BrewDog is the first major brand to have its International Women's Day work detonate in its face. The Scottish craft beer brand leaned heavily on irony, humour and '#sarcasm' in releasing the Pink IPA: Beer For Girls – a parody product attempting to highlight lazy gender marketing and pay inequality.
BrewDog has a history of using bold marketing to cause a ruckus, and this week it released a pinkified for-women version of its flagship IPA, mimicking and attempting to parody a sexist marketing trope most famously defined by Bic's 'Just for Her' pens.
The campaign's press release said that the work was "BrewDog’s clarion call to close the gender pay gap in the UK and around the world and to expose sexist marketing to women".
The launch of Pink IPA came with a promise from the brand to donate 20% of profits from the new beer, and its best-selling Punk IPA product, to a STEM charity furthering women's education for the next four weeks. This good deed was eclipsed, however, by the reception to the 'Beer For Girls' positioning, which however intended, prompted fierce discussions about irony, gender stereotypes and brand communications.
There has been a division in the industry; as always there are those who subscribe to Oscar Wilde's mantra 'the only thing worse than being talked about is not being talked about' but others thing BrewDog's latest stunt has badly backfired.
A send-up of lazy marketing efforts
The pink bottle was supposed to be a "send-up of the lazy marketing efforts targeting the female market".
Sarah Warman, global head of marketing at BrewDog even acknowledged: "There is a long history of products that pander and patronise through harmful, sexist stereotypes and vulgar imagery, and we’re rallying to put an end to this nonsense. The love of beer is not gendered. Beer is universal. Beer is for everyone.”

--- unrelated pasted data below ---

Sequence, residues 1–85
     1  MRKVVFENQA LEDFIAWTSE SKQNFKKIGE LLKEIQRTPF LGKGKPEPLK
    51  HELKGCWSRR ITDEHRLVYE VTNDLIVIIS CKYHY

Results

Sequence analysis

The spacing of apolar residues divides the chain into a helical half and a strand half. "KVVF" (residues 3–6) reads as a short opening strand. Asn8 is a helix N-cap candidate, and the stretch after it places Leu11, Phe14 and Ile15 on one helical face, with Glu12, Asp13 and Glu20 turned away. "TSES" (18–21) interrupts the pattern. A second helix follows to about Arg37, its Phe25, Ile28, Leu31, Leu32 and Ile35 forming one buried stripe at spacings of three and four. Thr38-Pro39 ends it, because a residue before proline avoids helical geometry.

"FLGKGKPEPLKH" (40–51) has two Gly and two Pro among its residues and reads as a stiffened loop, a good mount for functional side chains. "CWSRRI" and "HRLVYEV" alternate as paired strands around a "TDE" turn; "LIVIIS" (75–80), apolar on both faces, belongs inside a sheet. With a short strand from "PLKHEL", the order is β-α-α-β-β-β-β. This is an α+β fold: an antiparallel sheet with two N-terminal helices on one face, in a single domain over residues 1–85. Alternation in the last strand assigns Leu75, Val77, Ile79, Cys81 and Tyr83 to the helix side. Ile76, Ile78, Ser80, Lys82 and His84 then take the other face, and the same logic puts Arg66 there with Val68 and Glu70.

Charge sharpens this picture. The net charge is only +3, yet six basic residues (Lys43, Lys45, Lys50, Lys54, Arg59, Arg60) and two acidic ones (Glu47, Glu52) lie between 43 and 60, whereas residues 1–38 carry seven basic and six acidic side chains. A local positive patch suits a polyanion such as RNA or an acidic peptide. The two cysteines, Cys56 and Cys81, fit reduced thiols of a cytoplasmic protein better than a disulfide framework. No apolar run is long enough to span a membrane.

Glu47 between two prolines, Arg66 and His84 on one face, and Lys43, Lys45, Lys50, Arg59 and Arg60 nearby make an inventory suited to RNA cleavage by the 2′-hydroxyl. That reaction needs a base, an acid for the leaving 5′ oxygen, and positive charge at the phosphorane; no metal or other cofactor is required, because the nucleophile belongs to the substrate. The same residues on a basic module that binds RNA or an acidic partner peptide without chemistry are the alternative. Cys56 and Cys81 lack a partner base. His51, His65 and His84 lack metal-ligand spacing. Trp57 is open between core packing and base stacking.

Some of The Drum's readers pointed out on Twitter that the joke may have fallen flat.
I love a beer. I love craft beer. I known to be able to down a beer quicker that most men (a gift from my late father). But do I want a pink beer? NO. Would I stand in a pub proudly holding my Pink IPA. NO. Does the CSR thing give it purpose? NO. Sorry BrewDog. Not this time.
— Natasha Hill (@brownhill1) March 6, 2018
I think the idea was good, the sentiment is definitely there but it's badly executed. No one is really going to look at the thought behind the campaign, they'll just see pink bottles of beer
— Ian Stephens (@istep23) March 6, 2018
I actually liked the idea, but by not using the video as the social media launch and instead using an image of a pink bottle with Beer for Girls written on it they doomed the campaign. Satire is difficult, they added complexity to it and in an open wound of a subject.
— Nick Thompson (@NickThompson20) March 6, 2018
It's really hard for irony to come across with beer labels, and also seems like a convoluted way of trying to "do the right thing".
— Cate Sevilla (@CateSevilla) March 6, 2018
The sentiment suggested BrewDog's CSR efforts had been let down by the execution. To some, rather than satirise 'lazy marketing efforts targeting the female market' as intended, this campaign had in fact epitomised them.
Faye Lewis, head of marketing at Montreal Associates, was not a fan of the work, saying: "The whole idea plays on mobilising sexist irony, or ‘hipster sexism’ as it has been coined. The idea is lazy and inauthentic.
She said the brand, which once was the antithesis of the "traditional beer establishment", had become "predictable".
David Ogilvy's rule that "five times as many people read the headline as read the body copy” was made good on Twitter, where the crux of the campaign was lost.
This appears to have stemmed from a problem in the messaging, especially on social media. Lewis said: "Brewdog designed a marketing campaign with every hallmark of sexism and attempted to lean on its ethical brand and reputation to drive understanding... the product does not stand on its merits – without this message, they’re selling yet another pink product branded at women."
The latest work comes as part of a "long line of tired, inauthentic attempts to shock and get people talking about them," according to Lewis, and at a time when a "whole grown-up discussion takes place in the wider world right now around women and continuing inequality".